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An Australian pseudonym, or more likely House Name, used on several unremarkable Scientific Thrillers titles. Of most sf interest are Time Has a Door (1949 chap), in which a twentieth-century scientist Time-Travels to a Ruined Earth where Devolution has created Monsters, and Sleep Is Death (coll 1950 chap), the title story involving a crime writer and his Doppelganger, a figure who literally takes over its sibling's body. The Kensch byline was also used for four stories in the Australian magazine Thrills Incorporated 1950-1951, beginning with "Method for Murder" (April 1950 Thrills Incorporated). [JC/DRL]
Time Has a Door (Sydney, New S...
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Catalan is not just the language of Catalonia, but a language shared with other areas of Spain, France, and even Italy. Catalan is also the official language of Andorra, the small country set in the middle of the Pyrenees. Most Catalan speakers are bilingual, with Catalan being used as a first language by fewer than half of them. There is a certainly very solid literary tradition in Catalan, which includes a long list of sf works – among them an indispensable masterpiece, Manuel de Pedrolo's Mecanoscrit del segon origen ["Typescript of the Second Origin"] (1974).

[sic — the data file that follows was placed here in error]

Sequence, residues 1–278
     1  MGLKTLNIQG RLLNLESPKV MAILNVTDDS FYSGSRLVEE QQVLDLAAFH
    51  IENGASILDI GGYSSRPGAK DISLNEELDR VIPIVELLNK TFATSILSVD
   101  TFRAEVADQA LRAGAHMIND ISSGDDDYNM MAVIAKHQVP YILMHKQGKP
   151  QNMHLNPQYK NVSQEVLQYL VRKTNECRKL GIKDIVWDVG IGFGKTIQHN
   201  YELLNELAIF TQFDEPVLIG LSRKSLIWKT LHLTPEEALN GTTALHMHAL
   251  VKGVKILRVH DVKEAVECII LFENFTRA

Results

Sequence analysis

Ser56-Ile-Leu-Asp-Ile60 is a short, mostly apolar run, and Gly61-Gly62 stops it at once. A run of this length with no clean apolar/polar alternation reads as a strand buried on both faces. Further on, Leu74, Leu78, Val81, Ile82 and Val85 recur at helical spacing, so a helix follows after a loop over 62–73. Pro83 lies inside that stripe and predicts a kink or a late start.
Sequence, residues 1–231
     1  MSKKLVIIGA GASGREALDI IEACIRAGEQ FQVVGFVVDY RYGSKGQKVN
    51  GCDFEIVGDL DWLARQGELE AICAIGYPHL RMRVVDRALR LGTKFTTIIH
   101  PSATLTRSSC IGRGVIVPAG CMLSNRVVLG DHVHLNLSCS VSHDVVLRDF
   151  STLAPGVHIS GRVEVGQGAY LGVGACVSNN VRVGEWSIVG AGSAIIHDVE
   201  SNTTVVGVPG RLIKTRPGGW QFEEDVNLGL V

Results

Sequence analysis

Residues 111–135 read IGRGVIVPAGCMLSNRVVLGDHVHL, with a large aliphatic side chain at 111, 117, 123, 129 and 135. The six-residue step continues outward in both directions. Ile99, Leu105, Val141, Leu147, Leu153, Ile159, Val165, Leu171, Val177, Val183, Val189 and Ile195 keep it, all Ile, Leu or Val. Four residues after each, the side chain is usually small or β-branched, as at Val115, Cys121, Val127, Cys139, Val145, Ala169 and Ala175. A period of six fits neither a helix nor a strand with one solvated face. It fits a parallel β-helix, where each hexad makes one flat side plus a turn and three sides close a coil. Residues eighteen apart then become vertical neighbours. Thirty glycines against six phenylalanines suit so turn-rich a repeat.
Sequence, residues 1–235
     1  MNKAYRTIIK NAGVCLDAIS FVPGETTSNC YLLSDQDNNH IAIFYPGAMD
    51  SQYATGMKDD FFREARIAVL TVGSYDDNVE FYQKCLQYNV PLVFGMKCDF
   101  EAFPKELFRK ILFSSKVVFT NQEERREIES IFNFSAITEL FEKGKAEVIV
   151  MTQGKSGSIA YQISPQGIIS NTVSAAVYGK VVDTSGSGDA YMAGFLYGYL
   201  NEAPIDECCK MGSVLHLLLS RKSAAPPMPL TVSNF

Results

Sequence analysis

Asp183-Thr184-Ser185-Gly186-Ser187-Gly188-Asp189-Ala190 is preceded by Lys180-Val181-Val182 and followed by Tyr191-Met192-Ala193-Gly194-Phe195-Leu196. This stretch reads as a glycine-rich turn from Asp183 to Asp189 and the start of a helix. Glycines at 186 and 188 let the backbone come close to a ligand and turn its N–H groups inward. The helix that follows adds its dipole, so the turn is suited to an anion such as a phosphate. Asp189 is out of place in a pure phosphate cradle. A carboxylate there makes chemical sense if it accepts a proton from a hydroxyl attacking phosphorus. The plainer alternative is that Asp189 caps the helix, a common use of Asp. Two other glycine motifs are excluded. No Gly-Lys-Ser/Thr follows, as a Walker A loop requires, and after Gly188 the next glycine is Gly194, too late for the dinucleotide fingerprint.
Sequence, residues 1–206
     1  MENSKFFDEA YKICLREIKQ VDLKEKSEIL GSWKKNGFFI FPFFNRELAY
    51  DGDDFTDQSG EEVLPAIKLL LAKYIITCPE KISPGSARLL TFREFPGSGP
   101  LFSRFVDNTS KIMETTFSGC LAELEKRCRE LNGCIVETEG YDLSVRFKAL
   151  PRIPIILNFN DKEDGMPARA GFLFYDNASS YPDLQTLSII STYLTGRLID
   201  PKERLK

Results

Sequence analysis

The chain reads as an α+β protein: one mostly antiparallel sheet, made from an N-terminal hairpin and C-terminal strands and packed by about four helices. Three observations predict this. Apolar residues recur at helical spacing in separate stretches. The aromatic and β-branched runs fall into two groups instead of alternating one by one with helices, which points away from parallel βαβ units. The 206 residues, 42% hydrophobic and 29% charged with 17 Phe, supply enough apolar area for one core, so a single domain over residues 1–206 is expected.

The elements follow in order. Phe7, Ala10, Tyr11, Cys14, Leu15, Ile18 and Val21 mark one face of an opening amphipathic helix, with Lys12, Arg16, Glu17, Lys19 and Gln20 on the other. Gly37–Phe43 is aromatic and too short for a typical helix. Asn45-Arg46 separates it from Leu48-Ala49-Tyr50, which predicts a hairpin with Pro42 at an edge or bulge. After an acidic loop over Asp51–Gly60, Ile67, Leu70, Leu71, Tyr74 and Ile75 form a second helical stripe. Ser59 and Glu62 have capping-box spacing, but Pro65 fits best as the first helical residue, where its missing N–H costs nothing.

Science fiction entered the domain of the Catalan language in the last quarter of the 19th century. Some nineteenth-century highl...
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Animated film (1986). Meltdown Productions. Directed by Jimmy T Murakami. Written by Raymond Briggs, based on his own When the Wind Blows (graph 1982). Cast includes John Mills and Peggy Ashcroft. 84 minutes. Colour.
Before turning his bestselling Graphic Novel into a screenplay, Briggs made a Radio adaption, with the unfortunate effect that When the Wind Blows is shackled to the non-stop chatter of its two (working-class) characters. Jim (Mills) and Hilda (Ashcroft) live in Sussex, and are concerned about the approach of World War Three. They follow advice given in official pamphlets, but the aftermath of the Bomb proves much worse than the pamphlets contemplate, and they are left on their...
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If the Colonization of Other Worlds is not to be restricted to those that prove almost-exact duplicates of the Earth, some form of adaptation will be necessary; the colonists might adapt themselves by Genetic Engineering, as in James Blish's Pantropy series, or cyborgization (see Cyborgs), as in Frederik Pohl's Man Plus (1976), but if they are bolder they might instead adapt the worlds, by terraforming them. The term was coined by Jack Williamson in the series of stories revised as Seetee Ship (July and November 1942, January-February 1943 Astounding; fixup 1951; magazine stories and early editions as by Will Stewart), where it is used in a minor subplot, but such a project had earlier been...
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